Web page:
SUNDAY 24TH MAY 2020
The thoughts on the Gospel reading this Sunday are from Janice's husband Allan,
who is a Methodist Minister and Hospital Chaplain
Readings - Acts1:6-14
Gospel Reading – John 17:1-11
That they may be one......
There have been seven great ecumenical councils of the church including Nicea and Constantinople. It is arguable that as important as any of them was the World Missionary Conference that took place in Edinburgh in 1910...the year my father was born. That Edinburgh conference is seen as the stating point of the ecumenical movement, an endeavour to bring about a greater measure of unity between the separate Christian churches.The conference delegates, it should be stressed, were not interested in Christian unity for its own sake. What brought them to Edinburgh was not a wish to patch up ancient quarrels but a longing to win the world for Christ. They saw the reunion of the churches not as an end in itself but the necessary means to an even greater goal...the bringing of humanity home to God. Their watchword was...'the evangelisation of the world in this generation.' The last words from the platform before the closing prayer were those of Jesus...'there are some standing here who shall not taste of death till they see the Son of Man coming in his kingdom.'
One of the biddings from Jesus' high priestly prayer which we have read from John's gospel this morning was 'that they...his disciples...may be one...' And it's a prayer we claim as his prayer for us in the 21st century as well….that we may be one. Of course 'that they may be one' is only part of Jesus bidding prayer…in full the prayer is…'that they may be one as we are one.' What does Jesus mean when he says 'one, as we are one'? The relationship between Father and Son is a mystery…a mystery which all of the gospel writers including John struggle to express….how is it that Jesus is God and distinct from God at the same time…remember how John begins his gospel…in the beginning was the word and the word was with God and the word was God…the same but different. So, when Jesus prays that his followers may be one as he and the Father are one he is praying all of us into that mystery too. Not just that we should become one with God or one with Christ but that we should become one with each other in the way Jesus and the Father are one.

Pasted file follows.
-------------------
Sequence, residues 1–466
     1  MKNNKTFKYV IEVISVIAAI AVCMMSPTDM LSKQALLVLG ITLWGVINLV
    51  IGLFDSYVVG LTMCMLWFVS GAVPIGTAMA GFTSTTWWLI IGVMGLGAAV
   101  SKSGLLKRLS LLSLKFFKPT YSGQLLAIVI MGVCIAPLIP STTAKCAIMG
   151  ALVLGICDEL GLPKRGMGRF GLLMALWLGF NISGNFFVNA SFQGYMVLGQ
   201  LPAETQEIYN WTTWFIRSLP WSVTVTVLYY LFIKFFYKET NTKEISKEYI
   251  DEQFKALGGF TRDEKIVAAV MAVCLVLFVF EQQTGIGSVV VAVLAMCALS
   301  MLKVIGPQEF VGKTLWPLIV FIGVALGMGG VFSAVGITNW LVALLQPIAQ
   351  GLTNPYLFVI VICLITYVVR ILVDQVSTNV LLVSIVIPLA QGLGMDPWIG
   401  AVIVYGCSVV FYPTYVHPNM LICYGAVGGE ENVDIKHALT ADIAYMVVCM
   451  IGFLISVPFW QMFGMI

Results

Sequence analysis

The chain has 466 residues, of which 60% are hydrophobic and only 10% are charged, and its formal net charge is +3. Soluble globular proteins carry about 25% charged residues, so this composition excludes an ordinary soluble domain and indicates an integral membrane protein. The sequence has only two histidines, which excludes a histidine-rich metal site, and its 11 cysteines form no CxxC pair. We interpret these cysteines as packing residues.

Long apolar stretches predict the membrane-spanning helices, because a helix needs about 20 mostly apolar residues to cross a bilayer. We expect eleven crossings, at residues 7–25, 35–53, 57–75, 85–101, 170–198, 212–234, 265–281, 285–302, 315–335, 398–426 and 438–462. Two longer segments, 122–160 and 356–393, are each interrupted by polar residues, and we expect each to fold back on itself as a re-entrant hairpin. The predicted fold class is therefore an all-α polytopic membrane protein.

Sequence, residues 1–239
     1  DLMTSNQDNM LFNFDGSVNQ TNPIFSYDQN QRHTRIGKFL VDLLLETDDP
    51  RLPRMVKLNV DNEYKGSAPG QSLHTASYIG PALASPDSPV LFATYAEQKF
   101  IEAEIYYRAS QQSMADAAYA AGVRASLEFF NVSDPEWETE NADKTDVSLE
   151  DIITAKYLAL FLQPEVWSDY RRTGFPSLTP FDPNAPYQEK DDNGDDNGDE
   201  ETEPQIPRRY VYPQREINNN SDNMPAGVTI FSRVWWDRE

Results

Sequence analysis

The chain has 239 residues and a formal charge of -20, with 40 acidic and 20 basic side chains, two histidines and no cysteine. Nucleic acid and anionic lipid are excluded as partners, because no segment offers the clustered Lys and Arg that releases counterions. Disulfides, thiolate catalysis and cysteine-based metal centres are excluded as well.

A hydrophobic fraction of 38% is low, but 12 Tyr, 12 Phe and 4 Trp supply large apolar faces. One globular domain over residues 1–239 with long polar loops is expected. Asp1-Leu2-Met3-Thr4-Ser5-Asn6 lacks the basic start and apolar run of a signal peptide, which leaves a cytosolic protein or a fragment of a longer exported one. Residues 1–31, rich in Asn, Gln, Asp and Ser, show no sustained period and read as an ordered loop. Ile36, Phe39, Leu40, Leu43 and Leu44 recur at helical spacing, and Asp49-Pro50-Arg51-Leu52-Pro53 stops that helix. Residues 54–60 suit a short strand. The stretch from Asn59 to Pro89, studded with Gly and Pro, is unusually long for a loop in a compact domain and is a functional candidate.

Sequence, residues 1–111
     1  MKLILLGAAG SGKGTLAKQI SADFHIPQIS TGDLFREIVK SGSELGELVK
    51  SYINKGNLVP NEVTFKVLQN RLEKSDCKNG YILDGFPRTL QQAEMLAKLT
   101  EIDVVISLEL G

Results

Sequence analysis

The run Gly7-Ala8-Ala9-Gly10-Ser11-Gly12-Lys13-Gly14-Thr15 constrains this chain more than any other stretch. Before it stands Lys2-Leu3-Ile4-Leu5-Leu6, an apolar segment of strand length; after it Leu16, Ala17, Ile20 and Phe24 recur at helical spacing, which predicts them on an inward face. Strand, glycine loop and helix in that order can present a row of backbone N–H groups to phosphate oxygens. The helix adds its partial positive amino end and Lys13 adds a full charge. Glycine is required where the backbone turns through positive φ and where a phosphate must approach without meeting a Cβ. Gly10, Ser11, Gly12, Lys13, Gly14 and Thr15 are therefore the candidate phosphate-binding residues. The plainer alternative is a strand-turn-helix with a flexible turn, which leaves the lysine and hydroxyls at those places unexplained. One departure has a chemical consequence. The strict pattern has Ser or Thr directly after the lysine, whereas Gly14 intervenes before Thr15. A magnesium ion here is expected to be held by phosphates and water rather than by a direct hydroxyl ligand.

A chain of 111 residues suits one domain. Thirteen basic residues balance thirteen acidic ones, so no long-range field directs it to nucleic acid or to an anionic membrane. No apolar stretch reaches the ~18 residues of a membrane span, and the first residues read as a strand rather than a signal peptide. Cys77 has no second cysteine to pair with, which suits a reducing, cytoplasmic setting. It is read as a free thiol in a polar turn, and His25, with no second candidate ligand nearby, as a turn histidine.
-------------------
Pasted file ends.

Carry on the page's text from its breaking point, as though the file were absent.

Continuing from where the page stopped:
In a way the first part of this mystery is the easy bit. We all have our ways to grow in our oneness with God and his Christ. We may ground our growth in corporate worship Sunday by Sunday. We may follow a spiritual discipline of private prayer, study and service in God's name. We may dedicate ourselves to a particular ministry within the life of the church whether that be with young people or the elderly, with the sick or those in prison, in the places where we work and the places where we play, in the country of our birth or amongst people of another nation with a different history and a different culture. We may take up the cause of justice and healing and reconciliation through the world of politics or through the UN or with national and international charitable organisations such as Oxfam, Christian Aid and so on. No matter which path we follow toward oneness in God , the Holy Spirit can act in our lives to draw us closer and to reveal to us the presence of God in our lives.
But Jesus is also praying that his followers may be one with one another and that's where the pain lies because it would appear that disunity is the defining characteristic of the church of Jesus Christ. We have our denominations and our sub-denominations. I was thinking about the churches I've preached in over the years and I must have preached in the churches of at least 10 different denominations other than my own including the Church of the Nazarene, the Moravians and the Salvation Army. That pales into insignificance when we realise that it is estimated that there are 40-50,000 different Christian denominations worldwide…that's right, 40-50 thousand!
Sometimes of course we can laugh at ourselves and our denominational differences. You may have come across the denominational lightbulb jokes:
Q: How many Pentecostals does it take to change a lightbulb?
A: 10…one to change it and 9 to pray against the spirit of darkness!
Q: How many Baptists does it take to change a lightbulb?
A: At least 15…one to change the light bulb and three committees to approve the change and decide who brings the potato salad!
Q: How many Mormons does it take to change a lightbulb?
A: 5…one man to change the bulb and 4 wives to tell him how to do it!
Q: How many Anglicans does it take to change a lightbulb?